For anyone following WebRTC, Q4 2013 will be a busy time. Here is a list of the major events happening related to WebRTC:
IIT RTC Conference and Expo – Chicago, IL
Realtime Conference – Portland, OR
(Standards) IETF 88 – Vancouver, BC
(Standards) W3C TPAC – Shenzhen, China
WebRTC Conference & Expo – Santa Clara, CA
WebRTC Exhibition and Conference – Paris, FR
At WebRTC Expo, watching a great closing panel on “where we go from here”. Craig Walker of Firespotter / Uberconference makes some great points. If Google had not open sourced the GIPs media engine, none of this would have happened in the time frame it has, it has made this technology accessible not only for browsers vendors but for the independent developer.
Great show, the next one will be even better.
We wanted to get this initial informational document out right away so everyone that has any interest would be able to review the concepts and comment before we get too far along on the actual API.
“No SDP Offer/Answer” is a concept that has been bantered about for some time. It continues to rear its ugly head within the IETF and W3C Working Groups. There is evidence that some major browser vendors will not back the current SDP O/A methodology at all, but some of us continue to pin our hopes and dreams on SDP O/A nonetheless.
We are told by the developers we need something that will not only pass muster with them but will also be something that can be extended and innovated upon, uninhibited by large browser vendors or any vendor for that matter.
According to many, real adoption of WebRTC will not happen if we continue to force everyone to use this SDP Offer/Answer methodology. It is clearly blocking our way forward and the amount of specification documentation remaining needed for the browser vendors to produce a compatible SDP based WebRTC engine in a browser is much more daunting than most are willing to admit.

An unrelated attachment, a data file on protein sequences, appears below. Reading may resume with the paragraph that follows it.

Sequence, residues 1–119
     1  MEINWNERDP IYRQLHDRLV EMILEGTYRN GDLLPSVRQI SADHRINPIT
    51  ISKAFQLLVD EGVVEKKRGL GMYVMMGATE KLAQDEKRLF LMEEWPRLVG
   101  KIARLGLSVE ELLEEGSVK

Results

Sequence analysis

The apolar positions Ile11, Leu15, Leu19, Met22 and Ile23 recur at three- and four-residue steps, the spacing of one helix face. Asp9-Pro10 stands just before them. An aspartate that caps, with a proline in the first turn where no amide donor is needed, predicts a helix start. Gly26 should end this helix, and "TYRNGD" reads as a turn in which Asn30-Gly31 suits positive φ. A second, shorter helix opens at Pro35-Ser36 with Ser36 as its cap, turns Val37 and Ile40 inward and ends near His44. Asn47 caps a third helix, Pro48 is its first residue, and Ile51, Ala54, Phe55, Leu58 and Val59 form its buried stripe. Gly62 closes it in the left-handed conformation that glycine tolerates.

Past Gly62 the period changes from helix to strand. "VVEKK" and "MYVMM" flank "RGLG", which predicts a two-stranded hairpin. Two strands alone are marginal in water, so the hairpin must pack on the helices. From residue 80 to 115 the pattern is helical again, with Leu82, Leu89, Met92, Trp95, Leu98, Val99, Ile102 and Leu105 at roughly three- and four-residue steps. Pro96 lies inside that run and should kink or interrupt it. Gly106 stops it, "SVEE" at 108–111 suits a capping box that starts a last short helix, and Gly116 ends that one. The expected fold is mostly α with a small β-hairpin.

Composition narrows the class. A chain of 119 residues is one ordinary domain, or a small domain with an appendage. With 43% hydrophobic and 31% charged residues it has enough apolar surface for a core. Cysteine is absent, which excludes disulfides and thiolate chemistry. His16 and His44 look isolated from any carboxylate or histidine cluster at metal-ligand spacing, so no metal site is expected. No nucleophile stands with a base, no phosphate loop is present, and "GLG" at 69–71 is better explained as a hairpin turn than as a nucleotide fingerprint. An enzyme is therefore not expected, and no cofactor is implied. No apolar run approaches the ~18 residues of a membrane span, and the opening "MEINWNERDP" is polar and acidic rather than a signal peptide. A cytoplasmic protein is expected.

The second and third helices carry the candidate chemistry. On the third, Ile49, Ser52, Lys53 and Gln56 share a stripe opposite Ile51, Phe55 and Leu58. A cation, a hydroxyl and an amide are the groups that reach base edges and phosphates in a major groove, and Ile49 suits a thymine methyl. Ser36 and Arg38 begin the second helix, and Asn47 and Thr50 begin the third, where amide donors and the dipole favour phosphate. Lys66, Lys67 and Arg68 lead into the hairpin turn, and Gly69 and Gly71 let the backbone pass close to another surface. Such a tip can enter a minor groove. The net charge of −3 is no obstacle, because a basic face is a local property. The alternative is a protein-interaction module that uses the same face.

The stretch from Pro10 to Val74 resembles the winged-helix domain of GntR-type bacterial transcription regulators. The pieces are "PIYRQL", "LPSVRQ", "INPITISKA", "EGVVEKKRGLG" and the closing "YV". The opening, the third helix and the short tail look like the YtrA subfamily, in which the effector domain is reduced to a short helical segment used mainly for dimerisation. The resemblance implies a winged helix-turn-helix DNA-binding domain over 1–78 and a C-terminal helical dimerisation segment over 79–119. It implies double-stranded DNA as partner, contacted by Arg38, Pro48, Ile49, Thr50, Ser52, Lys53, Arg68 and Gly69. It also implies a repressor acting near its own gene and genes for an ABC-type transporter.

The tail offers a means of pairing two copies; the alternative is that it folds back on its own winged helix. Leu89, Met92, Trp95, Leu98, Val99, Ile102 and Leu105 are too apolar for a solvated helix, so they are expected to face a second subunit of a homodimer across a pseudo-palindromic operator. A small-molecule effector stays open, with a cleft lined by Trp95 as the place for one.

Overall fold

It’s time for a change.
What does that mean? It means we need to rewrite a portion of the current WebRTC specification and WebRTC API, which also means that many of the demo apps running out there will need some level of modification. Which is O.K. It’s better to break a few demo apps now than to proceed knowing there is a material flaw in the design, precluding the rest of the web from playing along and causing untold pain in future development.
Long live WebRTC.
The WebRTC media stack has been ported to QNX / Blackberry 10 as reported hy Hookflash in this Press Release below.
This does not mean that WebRTC browsers will now begin communicating with Blackberry apps written using the Open Peer SDK, well… not today anyhow. What it does mean is Blackberry 10 developers can write apps using this new SDK to enable P2P voice, video and messaging, across Blackberry and iOS platforms using their own user identity model or mashed up with social identities.